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Takafumi Kato: “Neurophysiological mechanisms for the genesis of tooth grinding during sleep”

 

November 6, 2014  Friday Lunch Seminar
12:15 〜 13:00

CiNet 1F Conference Room
“Neurophysiological mechanisms for the genesis of tooth grinding during sleep”
Takafumi Kato

Osaka University Graduate School of Dentistry, Department of Oral Anatomy and Neurobiology

Abstract:

One can experience that a peaceful sleep is interrupted by the bizarre tooth grinding sounds coming from sleeping roommates or bed partners. Tooth grinding during sleep is not a rare phenomenon as it is reported by approximately 30% in children and 10% of adults. The frequent tooth grinding is a characteristic sign of sleep bruxism (SB), a sleep related movement disorder. Sleep bruxism is clinically significant in dentistry since patients with SB can be associated with tooth wear, dental restoration fractures, jaw muscle discomfort or pain, temporomandibular joint problems and headache. In the polysomnographic evaluation, tooth grinding is found to be associated with increased number and intensity of rhythmic jaw-closing muscle contractions, suggesting that neural subpopulations within the innate masticatory rhythm generator can be exaggeratedly activated. Nonetheless, sleep architectures are not severely disturbed by the rhythmic jaw motor events. Although a specific brain area triggering masticatory rhythm generator during sleep remains to be determined, the occurrence of rhythmic jaw motor events are correlated with ultradian sleep cycles, periodic arousal fluctuation and desynchronized cortical activity as well as the transient activation of cardiac and respiratory system. Therefore, annoying tooth grinding during sleep represents a unique rhythmic motor activity driven by facilitatory influences generated under cyclic sleep regulatory processes.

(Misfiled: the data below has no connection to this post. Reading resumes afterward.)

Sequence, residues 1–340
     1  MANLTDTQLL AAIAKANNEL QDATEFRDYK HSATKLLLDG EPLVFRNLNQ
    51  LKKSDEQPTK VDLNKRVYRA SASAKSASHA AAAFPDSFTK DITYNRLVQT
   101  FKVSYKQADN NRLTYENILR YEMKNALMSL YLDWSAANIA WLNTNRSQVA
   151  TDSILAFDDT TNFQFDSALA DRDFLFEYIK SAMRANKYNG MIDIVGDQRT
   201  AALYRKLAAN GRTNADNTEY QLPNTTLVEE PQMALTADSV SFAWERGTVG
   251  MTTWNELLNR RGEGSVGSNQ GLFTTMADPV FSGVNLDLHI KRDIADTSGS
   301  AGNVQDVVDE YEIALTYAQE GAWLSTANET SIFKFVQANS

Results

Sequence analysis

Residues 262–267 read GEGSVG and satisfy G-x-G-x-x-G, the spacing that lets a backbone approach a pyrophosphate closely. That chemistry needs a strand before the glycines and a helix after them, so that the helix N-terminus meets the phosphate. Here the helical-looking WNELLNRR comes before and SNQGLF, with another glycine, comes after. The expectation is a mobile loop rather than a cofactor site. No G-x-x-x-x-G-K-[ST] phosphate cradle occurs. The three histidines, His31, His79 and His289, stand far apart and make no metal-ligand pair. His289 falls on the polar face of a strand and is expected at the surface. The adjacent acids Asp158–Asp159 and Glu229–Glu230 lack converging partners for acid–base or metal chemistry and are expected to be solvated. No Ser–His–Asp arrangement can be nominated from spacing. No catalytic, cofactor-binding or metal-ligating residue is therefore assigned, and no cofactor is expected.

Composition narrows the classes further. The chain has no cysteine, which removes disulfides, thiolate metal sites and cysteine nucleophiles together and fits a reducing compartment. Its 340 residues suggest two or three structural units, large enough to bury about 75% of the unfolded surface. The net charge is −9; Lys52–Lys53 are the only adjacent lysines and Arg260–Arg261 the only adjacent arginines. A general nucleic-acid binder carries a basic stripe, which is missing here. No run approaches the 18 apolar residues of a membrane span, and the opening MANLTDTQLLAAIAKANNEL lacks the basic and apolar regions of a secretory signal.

About CiNet's Friday Lunch Seminars:
The Friday Lunch Seminar is CiNet's main regular meeting series, held every week at 12:15 in the beautiful main lecture theatre on the ground floor at CiNet. The talks are typically 40mins long and orientated towards an inter-disciplinary audience. They are informal, social, and most people bring their own lunch to eat during the talk. They are open to anyone who is feeling curious and wants to come, regardless of where you work.